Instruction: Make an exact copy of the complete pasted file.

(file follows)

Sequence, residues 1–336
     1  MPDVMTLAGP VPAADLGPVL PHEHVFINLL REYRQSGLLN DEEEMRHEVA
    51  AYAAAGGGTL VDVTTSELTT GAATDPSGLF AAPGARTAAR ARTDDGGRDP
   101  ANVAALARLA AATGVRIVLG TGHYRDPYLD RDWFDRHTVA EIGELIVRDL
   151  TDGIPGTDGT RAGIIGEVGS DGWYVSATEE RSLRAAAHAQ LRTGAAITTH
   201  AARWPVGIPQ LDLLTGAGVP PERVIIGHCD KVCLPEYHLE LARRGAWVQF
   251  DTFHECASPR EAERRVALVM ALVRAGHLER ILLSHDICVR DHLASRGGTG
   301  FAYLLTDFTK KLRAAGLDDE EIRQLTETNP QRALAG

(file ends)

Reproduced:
Sequence, residues 1–336
     1  MPDVMTLAGP VPAADLGPVL PHEHVFINLL REYRQSGLLN DEEEMRHEVA
    51  AYAAAGGGTL VDVTTSELTT GAATDPSGLF AAPGARTAAR ARTDDGGRDP
   101  ANVAALARLA AATGVRIVLG TGHYRDPYLD RDWFDRHTVA EIGELIVRDL
   151  TDGIPGTDGT RAGIIGEVGS DGWYVSATEE RSLRAAAHAQ LRTGAAITTH
   201  AARWPVGIPQ LDLLTGAGVP PERVIIGHCD KVCLPEYHLE LARRGAWVQF
   251  DTFHECASPR EAERRVALVM ALVRAGHLER ILLSHDICVR DHLASRGGTG
   301  FAYLLTDFTK KLRAAGLDDE EIRQLTETNP QRALAG